What can a forty year old book about motorcycles teach us about being successful in the tech field? If the book is Robert M. Pirsig’s Zen and the Art of Motorcycle Maintenance (Amazon | Library), quite a bit.
The book, first published in 1974 in the wake of the cultural upheaval of the 1960s, presents a careful study of values and presents a roadmap for pursuing “Quality” in our thoughts and actions. Pirsig grounds his intellectual search for meaning and understanding in his approach to motorcycle maintenance, which he discusses during a motorcycle trip from Minneapolis to San Francisco with his twelve-year-old son.
While my experience with motorcycles begins and ends with one ten-second ride of my friend’s dirt bike directly into his fence when I was thirteen, many of the ideas in the book resonated with me. One particular section even provided a number of insights into my experience learning to code and building Booma: Pirsig’s discussion of Gumption Traps.
Throughout the book, Pirsig describes the advantages of becoming your own motorcycle mechanic, which are mainly that learning how your machine works and how to fix it provides deep satisfaction while riding it and your ability and knowledge provides enormous independence–not so different from the advantages of knowing how to build your own websites and write your own code.
Of course, like learning to code or building a complex project, learning how to maintain a motorcycle is difficult and full of potential pitfalls. Overcoming these takes gumption, but, as Pirsig explains, the process is full of traps that can drain your enthusiasm.
Like anyone who has ever jumped into a project bursting with enthusiasm only to later find her- or himself feeling completely defeated, I am familiar with many of these traps. I first began thinking about Booma as a project almost three years ago. Pursuing it has introduced me to numerous people in a wide range of fields, given me an opportunity to reconnect with old friends and former students, led me through a 10-week incubator in Tucson, encouraged me to learn coding for myself, given me the opportunity to lead an annual entrepreneurship camp for teenagers, and helped me transition after teaching English for 15 years into a computer science classroom. But, it has also required me to constantly reevaluate what I am doing and why I am doing it, and to overcome many of Pirsig’s Gumption Traps to keep going.
Pirsig identifies two types of traps: external traps, which he calls setbacks; and internal traps, which he calls hangups. Let’s first look at his three setbacks.
External Traps: Setbacks
In the book Pirsig describes the sinking feeling that comes when you have finished rebuilding a part of a motorcycle only to discover some piece that was not put back where it belongs. In coding this reminds me of the moment after you have dug into your code to fix some minor bug and realize that you have now completely disabled the entire project.
In this case, the first thing Pirsig recommends doing is taking a long break. The danger now is that you rush back into the work and make more mistakes. When you do return to it, slow down.
To avoid this mistake in the first place, work meticulously. When coding, subscribe to the rule of only changing one small thing–a line of code, a single function–at a time. If the change doesn’t fix the problem, change it back; check to make sure things are returned exactly to their previous state; then try something else. Have you ever been trying everything to fix some issue, finally discovered the exact answer you needed and implemented it, only to find that nothing happens? I have, and then realized thirty or forty painful minutes later that I had forgotten a semicolon or misspelled a word in an unrelated line that I retyped too quickly.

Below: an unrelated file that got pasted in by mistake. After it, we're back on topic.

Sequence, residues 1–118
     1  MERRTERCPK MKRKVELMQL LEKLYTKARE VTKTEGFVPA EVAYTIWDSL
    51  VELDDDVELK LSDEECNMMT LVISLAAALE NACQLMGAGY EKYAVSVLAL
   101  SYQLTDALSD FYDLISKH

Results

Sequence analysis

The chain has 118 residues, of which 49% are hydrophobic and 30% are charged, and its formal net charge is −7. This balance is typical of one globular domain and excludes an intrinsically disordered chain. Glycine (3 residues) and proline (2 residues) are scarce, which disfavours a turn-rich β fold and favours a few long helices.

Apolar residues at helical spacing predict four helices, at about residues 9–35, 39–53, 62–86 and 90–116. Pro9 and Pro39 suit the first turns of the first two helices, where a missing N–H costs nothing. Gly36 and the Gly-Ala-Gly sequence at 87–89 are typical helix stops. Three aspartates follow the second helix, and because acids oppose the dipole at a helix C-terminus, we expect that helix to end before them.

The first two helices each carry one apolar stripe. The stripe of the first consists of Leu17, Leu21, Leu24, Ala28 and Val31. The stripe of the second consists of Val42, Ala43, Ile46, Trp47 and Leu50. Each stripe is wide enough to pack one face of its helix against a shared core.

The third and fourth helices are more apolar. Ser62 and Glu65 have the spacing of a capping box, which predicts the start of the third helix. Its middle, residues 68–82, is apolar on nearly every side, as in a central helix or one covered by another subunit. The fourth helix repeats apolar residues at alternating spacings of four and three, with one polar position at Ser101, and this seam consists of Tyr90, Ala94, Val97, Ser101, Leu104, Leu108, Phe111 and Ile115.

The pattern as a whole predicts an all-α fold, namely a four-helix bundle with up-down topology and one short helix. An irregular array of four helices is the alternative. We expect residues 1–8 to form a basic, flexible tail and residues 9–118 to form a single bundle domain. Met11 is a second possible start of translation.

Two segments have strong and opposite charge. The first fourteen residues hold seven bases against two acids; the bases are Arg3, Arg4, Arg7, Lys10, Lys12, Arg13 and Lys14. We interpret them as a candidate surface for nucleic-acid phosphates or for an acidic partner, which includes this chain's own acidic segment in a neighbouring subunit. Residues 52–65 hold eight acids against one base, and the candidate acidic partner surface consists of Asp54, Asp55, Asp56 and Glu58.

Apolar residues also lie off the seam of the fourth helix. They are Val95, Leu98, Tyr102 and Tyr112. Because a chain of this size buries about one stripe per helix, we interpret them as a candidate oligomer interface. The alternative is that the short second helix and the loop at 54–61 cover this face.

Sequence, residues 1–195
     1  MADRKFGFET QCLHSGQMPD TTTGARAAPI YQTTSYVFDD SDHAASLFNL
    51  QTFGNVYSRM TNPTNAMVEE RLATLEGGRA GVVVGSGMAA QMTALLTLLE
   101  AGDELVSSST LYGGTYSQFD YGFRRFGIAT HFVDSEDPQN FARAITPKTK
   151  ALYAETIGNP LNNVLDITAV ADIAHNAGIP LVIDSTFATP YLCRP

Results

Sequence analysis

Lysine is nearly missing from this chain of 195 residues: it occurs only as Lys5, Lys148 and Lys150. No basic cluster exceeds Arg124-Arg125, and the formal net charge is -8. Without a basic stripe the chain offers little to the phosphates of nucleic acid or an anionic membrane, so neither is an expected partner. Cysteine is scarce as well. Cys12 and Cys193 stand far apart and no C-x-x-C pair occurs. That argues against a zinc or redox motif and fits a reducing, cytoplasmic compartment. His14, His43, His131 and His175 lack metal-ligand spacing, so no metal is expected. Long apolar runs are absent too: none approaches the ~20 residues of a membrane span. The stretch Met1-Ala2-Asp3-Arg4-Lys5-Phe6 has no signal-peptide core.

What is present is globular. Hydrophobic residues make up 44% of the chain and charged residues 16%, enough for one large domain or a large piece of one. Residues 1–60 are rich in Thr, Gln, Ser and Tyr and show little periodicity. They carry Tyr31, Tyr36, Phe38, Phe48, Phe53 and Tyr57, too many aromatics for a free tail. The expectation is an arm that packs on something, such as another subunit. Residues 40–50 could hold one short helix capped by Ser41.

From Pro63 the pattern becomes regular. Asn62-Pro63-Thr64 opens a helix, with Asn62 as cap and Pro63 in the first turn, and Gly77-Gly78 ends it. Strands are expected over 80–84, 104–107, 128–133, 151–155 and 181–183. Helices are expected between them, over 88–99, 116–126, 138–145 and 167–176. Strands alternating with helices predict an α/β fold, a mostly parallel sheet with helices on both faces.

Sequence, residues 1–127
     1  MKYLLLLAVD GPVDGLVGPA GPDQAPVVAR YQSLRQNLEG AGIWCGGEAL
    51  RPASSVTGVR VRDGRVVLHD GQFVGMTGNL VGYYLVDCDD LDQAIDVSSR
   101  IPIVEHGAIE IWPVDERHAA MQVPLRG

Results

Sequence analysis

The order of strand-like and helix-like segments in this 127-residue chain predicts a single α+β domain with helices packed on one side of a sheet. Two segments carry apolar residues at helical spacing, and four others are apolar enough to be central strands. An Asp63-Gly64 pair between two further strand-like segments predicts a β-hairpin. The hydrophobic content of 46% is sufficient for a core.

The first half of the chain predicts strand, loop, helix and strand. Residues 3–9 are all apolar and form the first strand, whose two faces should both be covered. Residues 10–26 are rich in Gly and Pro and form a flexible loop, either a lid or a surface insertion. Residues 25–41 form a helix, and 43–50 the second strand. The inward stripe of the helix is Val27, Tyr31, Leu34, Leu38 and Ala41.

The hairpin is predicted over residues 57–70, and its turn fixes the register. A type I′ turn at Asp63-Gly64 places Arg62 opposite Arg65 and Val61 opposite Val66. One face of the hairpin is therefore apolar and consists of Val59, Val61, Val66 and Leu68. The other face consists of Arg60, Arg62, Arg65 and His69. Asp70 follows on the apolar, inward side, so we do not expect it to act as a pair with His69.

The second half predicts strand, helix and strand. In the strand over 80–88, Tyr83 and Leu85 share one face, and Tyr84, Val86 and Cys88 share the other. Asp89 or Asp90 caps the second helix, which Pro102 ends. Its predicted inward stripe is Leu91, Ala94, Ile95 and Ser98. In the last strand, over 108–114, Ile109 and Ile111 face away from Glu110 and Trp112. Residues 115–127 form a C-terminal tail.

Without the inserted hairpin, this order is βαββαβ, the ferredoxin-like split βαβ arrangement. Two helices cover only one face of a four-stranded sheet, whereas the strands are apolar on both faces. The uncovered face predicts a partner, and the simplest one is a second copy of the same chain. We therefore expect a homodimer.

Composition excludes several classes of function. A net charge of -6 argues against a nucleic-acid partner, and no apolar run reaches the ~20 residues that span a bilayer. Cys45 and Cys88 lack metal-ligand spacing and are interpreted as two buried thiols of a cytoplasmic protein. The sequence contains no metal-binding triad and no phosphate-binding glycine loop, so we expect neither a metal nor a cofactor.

Pirsig also distinguishes between two reasons for having to rebuild a component. The first is purposeful–to test something, you need to make a change and then test it to see if it works. If it doesn’t, you go in, change it back, and try something else. This isn’t a misassembly trap because with each attempt you are learning something and making progress.
In the second case, when you just mess up, all is not lost either. Each time you take something apart and rebuild it you are memorizing all sorts of things that will make you more efficient in the future. I may have spent four hours one night trying to figure out why my map kept disappearing from a div before I realized I had accidentally removed the “width” declaration for one of the responsive screen sizes, but I never forget to set my widths anymore.
2. Intermittent Failure
This happens when you notice a problem–or more often in web development, someone tells you about a problem–but when you go to fix it, the problem isn’t present. Last year one of my classes helped redesign our school’s counseling department web pages. I have received a few messages now from one of the counselors mentioning the fact that our embedded calendar isn’t showing up when she visits the site. After each email I visit the site, and each time the calendar displays fine. If I can’t see the problem it’s hard to fix it.
Pirsig points out that this only becomes a Gumption Trap when you think you have solved the problem and then it reappears. His advice: don’t think that the problem has gone away until enough time has passed that you are absolutely sure it’s gone. As long as you don’t make that assumption, you are no worse off when the problem reappears than you were when it first appeared.
On a motorcycle, he attributes many of these problems to changing conditions on the bike: for example, an electrical issue might appear when you are riding down a bumpy road or when the machine is hot. In web development, these problems often occur because there are so many different environments–different browsers, different devices, different screen sizes–that can affect how a design element behaves. When diagnosing the problem, he suggests correlating the problem to other things that are present or happening at the time the problem appears; the same advice fits when diagnosing a tech issue.
3. Parts Setback
A major Gumption Trap when working on a motorcycle is not having the part you need to make a repair, or purchasing a part and then discovering that it is the wrong part. Pirsig goes into some depth about the nature of marketing and selling motorcycle parts that has little bearing on writing or deploying code. However, finding and picking the right tools–the coding language, a snippet of code, a third party app–are similar problems.